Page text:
Minute of Angle (MOA)

MOA Explained

Scopes

Minute of Angle

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Minute of Angle

Minute of Angle (MOA)

A Minute of Angle (MOA) is a unit of angle measurement and frequently appears in discussions about rifle accuracy.

MOA is a measured way of adjusting a firearm’s sights elevation to compensate for bullet drop over distance due to gravity. It can also do the same laterally to compensate for windage.’

In mathematics the term is referred to as Minute of Arc or Arc Minute (arcmin) and is equal to 1/60th of a degree.

  • A full circle is 360 degrees, so, one degree is 1/360 of a circle.
  • A degree is 60 minutes, so, one minute is 1/60 of a degree.
  • A minute is 60 seconds, so, one second is 1/60 of a minute.
360 degrees
MOA 1 degree
1 minute
MOA

MOA is used extensively with shooters used to an imperial measurement system and manufacturers based in countries still using that system (USA). Where rifle ranges are measured in yards rather than meters and in inches rather than millimeters. Americans for example and many of our ranges in Australia still have 100 yard mounds. A leftover from our use of imperial units.

Calculating MOA

Calculating the MOA at a given range requires some trigonometry.

Consider a target at 100 yards.

  • Range = 100 yards = the circle radius (R)
  • MOA is in inches so convert 100 yards to inches (1 yard = 36 inches)
  • R = 100 x 36 = 3600 inches
  • From trigonometry we get the circumference(C) of the circle from
  • C = 2 x π(Pi) x R
  • C = 2 x 3.141592654 x 3600 = 22610.46711 inches
  • The minutes in a full circle = 360 x 60 = 21600
  • We divide the Circumference by the minutes to obtain the MOA
  • MOA = 22610.46711 / 21600 = 1.047197551 inches

While I am sure we all love the math. Unfortunately, the target died of old age while we were working it out.

So 1.047 inches at 100 yards is quite reasonably accepted as 1.

The MOA is deemed useful because the ratio of inches to yards applies in a linear manner over distance. 1 inch at 100 yards, 2 inches at 200 yards, 3 inches at 300 yards etc.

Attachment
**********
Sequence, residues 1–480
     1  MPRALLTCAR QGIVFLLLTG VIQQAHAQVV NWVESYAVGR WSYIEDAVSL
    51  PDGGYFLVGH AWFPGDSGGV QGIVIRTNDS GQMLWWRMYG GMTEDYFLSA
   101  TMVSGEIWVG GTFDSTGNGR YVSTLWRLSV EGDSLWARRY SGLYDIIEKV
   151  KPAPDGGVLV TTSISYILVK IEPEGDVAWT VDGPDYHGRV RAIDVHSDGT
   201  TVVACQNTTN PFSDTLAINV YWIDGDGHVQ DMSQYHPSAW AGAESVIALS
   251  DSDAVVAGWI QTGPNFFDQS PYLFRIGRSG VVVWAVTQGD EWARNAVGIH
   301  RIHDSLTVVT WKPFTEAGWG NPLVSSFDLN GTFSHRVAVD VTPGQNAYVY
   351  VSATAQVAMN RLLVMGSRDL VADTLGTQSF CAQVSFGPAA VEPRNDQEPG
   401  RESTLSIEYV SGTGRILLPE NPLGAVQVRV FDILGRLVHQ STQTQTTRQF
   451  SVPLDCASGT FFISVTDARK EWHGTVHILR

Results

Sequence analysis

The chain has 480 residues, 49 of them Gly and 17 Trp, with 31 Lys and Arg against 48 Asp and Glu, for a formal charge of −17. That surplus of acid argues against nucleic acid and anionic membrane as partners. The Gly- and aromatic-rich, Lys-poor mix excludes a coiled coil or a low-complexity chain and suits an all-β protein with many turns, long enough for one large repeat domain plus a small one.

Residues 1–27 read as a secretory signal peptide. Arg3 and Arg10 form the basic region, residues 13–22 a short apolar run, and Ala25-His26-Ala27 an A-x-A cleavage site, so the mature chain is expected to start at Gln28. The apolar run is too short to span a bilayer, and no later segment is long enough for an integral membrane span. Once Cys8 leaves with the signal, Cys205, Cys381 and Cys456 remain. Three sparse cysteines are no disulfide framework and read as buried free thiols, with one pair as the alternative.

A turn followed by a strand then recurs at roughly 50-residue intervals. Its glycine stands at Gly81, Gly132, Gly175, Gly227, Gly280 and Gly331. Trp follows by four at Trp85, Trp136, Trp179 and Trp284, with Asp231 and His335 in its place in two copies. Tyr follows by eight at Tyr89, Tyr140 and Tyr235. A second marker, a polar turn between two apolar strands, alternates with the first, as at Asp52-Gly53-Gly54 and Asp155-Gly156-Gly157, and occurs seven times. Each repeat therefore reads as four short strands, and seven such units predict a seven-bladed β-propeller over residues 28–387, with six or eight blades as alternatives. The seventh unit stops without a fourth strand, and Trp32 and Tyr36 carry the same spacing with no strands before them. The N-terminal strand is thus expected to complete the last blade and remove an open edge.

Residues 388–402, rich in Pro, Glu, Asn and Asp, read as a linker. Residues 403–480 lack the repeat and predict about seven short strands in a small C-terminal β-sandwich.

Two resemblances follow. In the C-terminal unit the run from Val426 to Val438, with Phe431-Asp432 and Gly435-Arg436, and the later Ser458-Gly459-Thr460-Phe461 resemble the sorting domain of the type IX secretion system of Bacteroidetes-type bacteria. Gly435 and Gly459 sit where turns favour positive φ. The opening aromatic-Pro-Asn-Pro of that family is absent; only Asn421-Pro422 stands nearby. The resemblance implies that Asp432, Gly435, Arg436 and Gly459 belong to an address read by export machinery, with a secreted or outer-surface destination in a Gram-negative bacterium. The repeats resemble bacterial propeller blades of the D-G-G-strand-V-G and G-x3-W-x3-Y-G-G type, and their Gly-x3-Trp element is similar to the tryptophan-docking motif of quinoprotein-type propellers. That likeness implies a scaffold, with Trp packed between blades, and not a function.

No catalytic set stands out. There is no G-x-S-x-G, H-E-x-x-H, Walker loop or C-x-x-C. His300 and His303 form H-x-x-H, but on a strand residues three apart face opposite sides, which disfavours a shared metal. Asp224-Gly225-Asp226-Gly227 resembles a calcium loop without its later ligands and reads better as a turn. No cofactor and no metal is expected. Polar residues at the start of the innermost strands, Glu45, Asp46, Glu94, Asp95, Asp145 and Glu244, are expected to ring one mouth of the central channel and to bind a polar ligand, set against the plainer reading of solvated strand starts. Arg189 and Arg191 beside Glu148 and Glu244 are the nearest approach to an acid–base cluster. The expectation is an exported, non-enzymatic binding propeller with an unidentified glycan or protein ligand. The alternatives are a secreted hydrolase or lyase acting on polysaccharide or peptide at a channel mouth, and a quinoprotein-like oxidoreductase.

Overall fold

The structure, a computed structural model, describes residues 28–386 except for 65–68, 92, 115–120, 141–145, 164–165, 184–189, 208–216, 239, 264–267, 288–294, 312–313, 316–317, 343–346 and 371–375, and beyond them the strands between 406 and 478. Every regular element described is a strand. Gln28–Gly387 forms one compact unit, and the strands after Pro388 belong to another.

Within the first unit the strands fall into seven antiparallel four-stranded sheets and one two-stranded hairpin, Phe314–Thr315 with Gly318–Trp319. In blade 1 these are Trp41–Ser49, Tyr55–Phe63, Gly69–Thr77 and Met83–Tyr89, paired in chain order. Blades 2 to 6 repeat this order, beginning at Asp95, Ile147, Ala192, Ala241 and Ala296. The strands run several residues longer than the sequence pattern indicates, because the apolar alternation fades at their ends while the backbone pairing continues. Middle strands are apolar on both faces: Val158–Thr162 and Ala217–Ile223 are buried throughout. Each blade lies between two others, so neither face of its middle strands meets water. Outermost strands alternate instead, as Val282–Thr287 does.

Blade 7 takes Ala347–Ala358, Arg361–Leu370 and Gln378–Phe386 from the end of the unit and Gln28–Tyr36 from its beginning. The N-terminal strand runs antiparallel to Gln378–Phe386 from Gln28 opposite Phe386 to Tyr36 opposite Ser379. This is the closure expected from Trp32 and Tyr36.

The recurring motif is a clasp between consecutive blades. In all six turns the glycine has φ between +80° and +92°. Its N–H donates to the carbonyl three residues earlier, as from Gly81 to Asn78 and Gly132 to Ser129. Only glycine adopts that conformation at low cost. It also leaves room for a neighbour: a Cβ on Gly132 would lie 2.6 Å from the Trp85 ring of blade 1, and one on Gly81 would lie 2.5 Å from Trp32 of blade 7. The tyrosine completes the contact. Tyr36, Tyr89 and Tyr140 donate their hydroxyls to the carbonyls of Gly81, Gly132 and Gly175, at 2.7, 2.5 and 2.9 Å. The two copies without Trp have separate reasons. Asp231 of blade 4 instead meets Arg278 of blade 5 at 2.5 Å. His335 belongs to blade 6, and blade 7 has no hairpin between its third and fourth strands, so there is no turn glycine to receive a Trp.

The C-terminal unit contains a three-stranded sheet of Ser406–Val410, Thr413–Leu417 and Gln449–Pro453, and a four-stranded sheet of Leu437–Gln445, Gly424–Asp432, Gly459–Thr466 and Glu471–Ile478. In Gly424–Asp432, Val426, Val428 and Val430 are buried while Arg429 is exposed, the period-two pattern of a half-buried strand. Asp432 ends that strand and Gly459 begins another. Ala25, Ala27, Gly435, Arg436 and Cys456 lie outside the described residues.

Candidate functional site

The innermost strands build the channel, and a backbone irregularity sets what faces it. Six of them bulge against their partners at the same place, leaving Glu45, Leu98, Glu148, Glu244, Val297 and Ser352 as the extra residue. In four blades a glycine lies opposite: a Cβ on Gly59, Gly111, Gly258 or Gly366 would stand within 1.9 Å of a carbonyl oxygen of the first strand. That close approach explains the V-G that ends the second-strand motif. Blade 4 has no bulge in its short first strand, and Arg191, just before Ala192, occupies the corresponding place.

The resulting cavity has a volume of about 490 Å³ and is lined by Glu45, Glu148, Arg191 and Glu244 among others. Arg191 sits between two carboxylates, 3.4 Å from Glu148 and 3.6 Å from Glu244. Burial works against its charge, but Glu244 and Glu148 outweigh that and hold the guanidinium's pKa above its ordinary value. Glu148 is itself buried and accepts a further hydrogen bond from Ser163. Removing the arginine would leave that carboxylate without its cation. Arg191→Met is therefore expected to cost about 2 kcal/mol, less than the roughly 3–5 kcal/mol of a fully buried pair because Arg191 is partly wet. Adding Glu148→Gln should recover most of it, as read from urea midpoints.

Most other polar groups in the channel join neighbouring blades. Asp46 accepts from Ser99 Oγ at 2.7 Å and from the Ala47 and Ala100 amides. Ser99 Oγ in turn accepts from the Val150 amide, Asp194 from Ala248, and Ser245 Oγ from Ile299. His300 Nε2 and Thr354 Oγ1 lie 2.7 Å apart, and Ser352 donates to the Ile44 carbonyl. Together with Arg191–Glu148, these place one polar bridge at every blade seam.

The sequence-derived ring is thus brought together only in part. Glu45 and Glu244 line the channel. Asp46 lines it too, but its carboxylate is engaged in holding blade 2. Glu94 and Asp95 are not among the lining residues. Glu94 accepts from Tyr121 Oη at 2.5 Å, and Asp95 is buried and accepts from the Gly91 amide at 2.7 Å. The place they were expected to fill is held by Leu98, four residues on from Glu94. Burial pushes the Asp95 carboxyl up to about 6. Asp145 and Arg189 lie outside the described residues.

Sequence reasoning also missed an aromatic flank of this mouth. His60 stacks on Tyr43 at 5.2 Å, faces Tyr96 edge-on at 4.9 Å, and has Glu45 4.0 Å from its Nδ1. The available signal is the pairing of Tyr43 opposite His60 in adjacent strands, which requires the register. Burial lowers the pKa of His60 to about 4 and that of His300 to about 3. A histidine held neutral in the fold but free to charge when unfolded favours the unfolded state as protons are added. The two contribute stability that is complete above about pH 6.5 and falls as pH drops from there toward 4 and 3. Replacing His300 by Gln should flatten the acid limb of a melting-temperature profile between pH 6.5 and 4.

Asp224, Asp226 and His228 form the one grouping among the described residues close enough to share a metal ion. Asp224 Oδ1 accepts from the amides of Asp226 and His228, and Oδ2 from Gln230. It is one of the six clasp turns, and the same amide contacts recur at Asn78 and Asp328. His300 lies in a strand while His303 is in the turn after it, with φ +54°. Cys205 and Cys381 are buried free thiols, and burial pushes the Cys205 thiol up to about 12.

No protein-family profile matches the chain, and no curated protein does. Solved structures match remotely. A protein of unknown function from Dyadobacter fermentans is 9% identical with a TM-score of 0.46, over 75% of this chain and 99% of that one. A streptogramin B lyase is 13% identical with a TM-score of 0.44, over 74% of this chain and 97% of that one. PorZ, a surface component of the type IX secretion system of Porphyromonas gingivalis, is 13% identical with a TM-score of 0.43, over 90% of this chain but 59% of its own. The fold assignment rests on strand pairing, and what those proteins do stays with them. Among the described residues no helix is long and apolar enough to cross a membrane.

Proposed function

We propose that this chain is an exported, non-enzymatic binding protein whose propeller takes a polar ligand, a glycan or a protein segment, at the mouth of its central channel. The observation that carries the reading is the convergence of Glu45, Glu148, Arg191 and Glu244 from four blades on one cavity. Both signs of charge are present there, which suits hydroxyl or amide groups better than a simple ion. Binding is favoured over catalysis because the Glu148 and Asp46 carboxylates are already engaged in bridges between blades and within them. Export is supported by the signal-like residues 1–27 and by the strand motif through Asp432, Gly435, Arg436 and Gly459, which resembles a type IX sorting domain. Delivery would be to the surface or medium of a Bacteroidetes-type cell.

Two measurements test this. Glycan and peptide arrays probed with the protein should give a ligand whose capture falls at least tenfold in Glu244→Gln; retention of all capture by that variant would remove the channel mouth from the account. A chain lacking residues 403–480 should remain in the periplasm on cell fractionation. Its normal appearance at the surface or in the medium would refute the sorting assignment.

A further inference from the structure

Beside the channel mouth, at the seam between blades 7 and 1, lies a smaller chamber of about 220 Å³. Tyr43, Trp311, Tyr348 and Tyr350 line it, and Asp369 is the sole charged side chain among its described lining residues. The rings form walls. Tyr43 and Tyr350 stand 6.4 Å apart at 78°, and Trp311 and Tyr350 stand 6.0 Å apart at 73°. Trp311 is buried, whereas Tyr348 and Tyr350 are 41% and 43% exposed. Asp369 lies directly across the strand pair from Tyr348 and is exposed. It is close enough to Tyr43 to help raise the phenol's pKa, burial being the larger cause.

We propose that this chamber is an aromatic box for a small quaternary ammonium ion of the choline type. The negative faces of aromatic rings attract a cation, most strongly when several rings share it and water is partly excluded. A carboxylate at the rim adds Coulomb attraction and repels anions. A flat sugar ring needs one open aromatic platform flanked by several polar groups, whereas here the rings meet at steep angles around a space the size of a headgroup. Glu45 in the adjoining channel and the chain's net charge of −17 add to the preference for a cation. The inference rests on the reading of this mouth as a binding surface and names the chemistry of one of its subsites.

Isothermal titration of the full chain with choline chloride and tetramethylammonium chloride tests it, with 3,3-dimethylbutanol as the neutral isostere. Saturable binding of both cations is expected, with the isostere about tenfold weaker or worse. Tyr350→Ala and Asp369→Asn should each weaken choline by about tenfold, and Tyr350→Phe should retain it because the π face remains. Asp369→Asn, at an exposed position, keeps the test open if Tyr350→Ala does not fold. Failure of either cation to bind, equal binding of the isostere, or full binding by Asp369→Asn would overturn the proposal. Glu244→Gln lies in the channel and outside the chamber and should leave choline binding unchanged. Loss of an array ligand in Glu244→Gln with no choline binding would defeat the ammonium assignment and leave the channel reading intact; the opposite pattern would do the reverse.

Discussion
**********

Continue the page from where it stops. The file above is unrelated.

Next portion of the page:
Scope turret with quarter MOA adjustment

Since most modern scopes using MOA are calibrated with adjustments of ⅛ eighth MOA, ¼ quarter MOA and ½ half MOA clicks (one increment of a turret adjustment). This can be easy for a shooter to calculate on the fly without referring to a range card.

For example a scope with:

Elevation adjustments (clicks) ½ MOA
Range 200 yards
Adjustment required 2 inches up

Required clicks = 2 inches divided by ½ an MOA per click multiplied MOA at 200 yards
= 2/0.5 * 2
= 2 clicks up

minute of angle

It is common in Australia to have a scope that is calibrated in MOA using yards as its base calculation being used on a range that is measured in meters. 

The tables below illustrate the difference.

Table MOA (Yards)
MOA (inches) Rounded to (inches) Range (yards) Range (meters)
1.047 1 100 91
2.094 2 200 183
3.141 3 300 274
4.188 4 400 366
5.235 5 500 457
6.283 6 600 549
7.33 7 700 640
8.377 8 800 732
9.424 9 900 823
10.471 10 1000 914
Table MOA (Metres)
MOA (inches) Rounded to (inches) Range (yards) Range (meters)
1.145 1 109 100
2.290 2 219 200
3.435 3 328 300
4.580 5 437 400
5.726 6 547 500
6.871 7 656 600
8.016 8 766 700
9.161 9 875 800
10.307 10 984 900
11.452 11 1094 1000

If you want to calculate other ranges use the calculator below.

Minute of Angle Calculator

Simple MOA Calculator

MOA

Shooters Minute of Angle (MOA)

Instead of the mathematically correct 1.047 inches, certain high-end scopes are calibrated so that a one MOA change on the scope corresponds to exactly one inch of adjustment on a target at 100 yards.

This is called the Shooters Minute of Angle (SMOA) and it can, in some circles, be called Inch Per Hundred Yards (IPHY).

Whilst even at 1000 yards the difference between MOA and SMOA is only 0.47 of an inch. The problem is that it compounds. So an adjustment of two MOA = 2 x 0.47 = 0.94 inches.

If you have to make an adjustment of 20 MOA, that adds up to 9.4 inches. A hell of a lot if you are into competitive target shooting.

A video on understanding Minute of Angle

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